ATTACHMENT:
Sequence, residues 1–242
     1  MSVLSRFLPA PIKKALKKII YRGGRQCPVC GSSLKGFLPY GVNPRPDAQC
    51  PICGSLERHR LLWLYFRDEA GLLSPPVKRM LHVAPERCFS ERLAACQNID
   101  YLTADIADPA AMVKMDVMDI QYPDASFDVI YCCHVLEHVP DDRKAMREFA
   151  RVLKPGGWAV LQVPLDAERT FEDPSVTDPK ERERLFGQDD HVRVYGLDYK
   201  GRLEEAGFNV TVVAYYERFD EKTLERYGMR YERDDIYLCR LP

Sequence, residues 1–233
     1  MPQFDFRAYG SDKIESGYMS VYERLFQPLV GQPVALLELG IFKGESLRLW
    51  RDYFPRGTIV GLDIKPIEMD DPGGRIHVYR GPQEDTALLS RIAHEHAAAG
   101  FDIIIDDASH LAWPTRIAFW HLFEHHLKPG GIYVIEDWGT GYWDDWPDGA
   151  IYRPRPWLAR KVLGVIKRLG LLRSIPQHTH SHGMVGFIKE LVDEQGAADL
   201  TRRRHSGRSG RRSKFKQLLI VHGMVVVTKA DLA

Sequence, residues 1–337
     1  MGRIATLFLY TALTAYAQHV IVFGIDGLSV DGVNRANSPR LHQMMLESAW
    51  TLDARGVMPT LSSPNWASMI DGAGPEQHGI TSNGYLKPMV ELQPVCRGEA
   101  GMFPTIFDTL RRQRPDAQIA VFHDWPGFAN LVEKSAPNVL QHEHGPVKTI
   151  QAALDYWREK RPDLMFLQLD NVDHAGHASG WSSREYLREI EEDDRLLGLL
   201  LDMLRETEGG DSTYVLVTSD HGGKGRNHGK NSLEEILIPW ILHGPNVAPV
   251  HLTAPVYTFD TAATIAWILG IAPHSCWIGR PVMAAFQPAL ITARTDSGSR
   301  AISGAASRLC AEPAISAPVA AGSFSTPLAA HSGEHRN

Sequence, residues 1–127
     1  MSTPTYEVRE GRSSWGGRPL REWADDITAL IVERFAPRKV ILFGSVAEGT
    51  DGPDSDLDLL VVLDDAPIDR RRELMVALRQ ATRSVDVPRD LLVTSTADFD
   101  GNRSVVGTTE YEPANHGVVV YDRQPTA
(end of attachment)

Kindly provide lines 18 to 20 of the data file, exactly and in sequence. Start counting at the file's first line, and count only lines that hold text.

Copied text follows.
   201  LDMLRETEGG DSTYVLVTSD HGGKGRNHGK NSLEEILIPW ILHGPNVAPV
   251  HLTAPVYTFD TAATIAWILG IAPHSCWIGR PVMAAFQPAL ITARTDSGSR
   301  AISGAASRLC AEPAISAPVA AGSFSTPLAA HSGEHRN